Family History Data, Should It Be Free?

There seems to be a trait among many family historians who all seem to want information to be available to them at the drop of a hat, for free and provided instantaneously as well.

Now, I’d like to raise an argument that this would seem to  defeat the object of much family history research. Is it not the thrill of carrying out a piece of detective work, in order to find an ancestor after ploughing through the databases online and then visiting the County Record Offices in person to read page after page of parish registers on the microfilm machine, that makes this pastime of ours fun?

Certainly, a good few newcomers to family history seem to believe that all they will need to is log onto the web, enter a name into a search box and they will instantly find their ancestors going back to Adam and Eve. Many do not think that they should pay anything for this, as if the state has some sort of obligation to give them the information on demand.

I don’t know if you have you ever looked into the searches that are carried out on the likes of Google for keywords? Take “family tree” as an example. I’ve noticed that the number of people typing in a search on how to get their family tree for free, was quite high. It would seem that some people express the idea that as its “their family” that they have some sort of right to be given the research.

When most of the newbies, to family history, find that they need to pay for a subscription to a website, in order to progress, they either descend into rudeness, or give up before they even get properly started. This latter scenario being an absolute shame, in my view.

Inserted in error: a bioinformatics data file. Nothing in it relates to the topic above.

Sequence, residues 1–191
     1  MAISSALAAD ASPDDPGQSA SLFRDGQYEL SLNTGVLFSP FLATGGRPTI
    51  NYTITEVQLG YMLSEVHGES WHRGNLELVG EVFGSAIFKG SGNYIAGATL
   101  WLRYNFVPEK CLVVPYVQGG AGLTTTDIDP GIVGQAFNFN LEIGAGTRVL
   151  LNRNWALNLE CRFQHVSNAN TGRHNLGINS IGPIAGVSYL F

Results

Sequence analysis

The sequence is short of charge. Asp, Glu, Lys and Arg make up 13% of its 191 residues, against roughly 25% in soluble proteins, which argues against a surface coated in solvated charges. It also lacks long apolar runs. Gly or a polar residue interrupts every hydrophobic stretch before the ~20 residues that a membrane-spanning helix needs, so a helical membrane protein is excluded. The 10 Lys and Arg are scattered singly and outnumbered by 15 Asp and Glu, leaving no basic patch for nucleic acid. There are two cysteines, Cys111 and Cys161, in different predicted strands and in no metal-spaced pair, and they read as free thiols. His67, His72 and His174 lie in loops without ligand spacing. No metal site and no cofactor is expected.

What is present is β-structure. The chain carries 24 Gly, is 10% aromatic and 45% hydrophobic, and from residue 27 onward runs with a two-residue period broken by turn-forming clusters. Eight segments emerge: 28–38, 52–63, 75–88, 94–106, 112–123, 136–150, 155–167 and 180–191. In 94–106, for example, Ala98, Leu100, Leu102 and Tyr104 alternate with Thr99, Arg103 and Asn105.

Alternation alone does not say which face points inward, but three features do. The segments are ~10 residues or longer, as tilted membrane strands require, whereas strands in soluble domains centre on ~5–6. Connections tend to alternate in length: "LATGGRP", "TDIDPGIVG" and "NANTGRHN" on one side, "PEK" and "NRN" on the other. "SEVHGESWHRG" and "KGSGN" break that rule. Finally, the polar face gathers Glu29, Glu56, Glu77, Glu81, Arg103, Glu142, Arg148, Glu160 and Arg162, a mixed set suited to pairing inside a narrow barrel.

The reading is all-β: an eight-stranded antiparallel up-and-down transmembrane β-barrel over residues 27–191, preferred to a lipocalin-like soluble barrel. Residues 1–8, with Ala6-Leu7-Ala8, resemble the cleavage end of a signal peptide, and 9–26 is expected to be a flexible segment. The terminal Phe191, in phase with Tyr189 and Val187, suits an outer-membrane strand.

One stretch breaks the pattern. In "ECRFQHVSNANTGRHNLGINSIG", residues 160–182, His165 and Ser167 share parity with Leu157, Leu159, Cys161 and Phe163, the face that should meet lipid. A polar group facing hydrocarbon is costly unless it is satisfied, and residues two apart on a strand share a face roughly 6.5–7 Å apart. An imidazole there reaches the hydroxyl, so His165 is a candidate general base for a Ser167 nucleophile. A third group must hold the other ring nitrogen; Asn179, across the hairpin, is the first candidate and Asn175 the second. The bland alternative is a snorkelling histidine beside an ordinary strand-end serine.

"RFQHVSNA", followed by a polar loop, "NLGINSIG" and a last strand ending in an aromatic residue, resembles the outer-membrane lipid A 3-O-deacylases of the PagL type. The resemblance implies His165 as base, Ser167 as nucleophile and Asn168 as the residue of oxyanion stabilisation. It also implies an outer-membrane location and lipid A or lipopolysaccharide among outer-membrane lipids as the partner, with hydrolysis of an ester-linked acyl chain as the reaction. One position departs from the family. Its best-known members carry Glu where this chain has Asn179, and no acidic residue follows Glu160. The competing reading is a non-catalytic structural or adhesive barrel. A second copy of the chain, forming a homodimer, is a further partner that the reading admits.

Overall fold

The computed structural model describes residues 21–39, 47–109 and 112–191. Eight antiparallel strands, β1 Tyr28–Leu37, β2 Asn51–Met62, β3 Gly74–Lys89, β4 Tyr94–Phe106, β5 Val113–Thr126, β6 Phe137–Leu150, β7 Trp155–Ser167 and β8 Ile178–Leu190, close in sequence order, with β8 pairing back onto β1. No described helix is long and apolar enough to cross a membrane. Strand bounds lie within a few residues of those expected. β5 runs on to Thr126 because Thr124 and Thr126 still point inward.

From my website I offer a tips and tricks email which gives the people, who have signed up to my list, valuable free content. At the bottom of the email I often have an advertisement for my paid for products and it amazes me that I get aggressive emails back saying things such as “I’m not made of money you know”. To these people I would just like to humbly suggest that they enjoy the 98% of the rest of the email, that comprises the free tip, and just try to ignore the advertisement for my products at the bottom.  Do they have such a problem with commercial television, I wonder?

Expanding the discussion a little bit more, I’d like to bring in the arguments of the Open Genealogy Alliance –

As I understand it, they are arguing that our public records should be made free to view online. They make the point that, in a large number of cases, many public records have now been licensed to private companies. These business need to make a return on their investment and so the public can only gain access to the data if they pay for it. The OGA are challenging this idea, saying that the digital versions of, what are, public records are effectively being privatised.

In my opinion there certainly needs to be some sort of balance, the record offices and archives are all facing up to the shortage of funds in the present economic climate and perhaps we should all make a bit of an effort to go out there, whenever possible, and visit the various archives more often. A vicious circle where they many have to cut their hours, due to less visitors coming to see them and reacting to spending cuts could see the record offices and archives closed or amalgamated.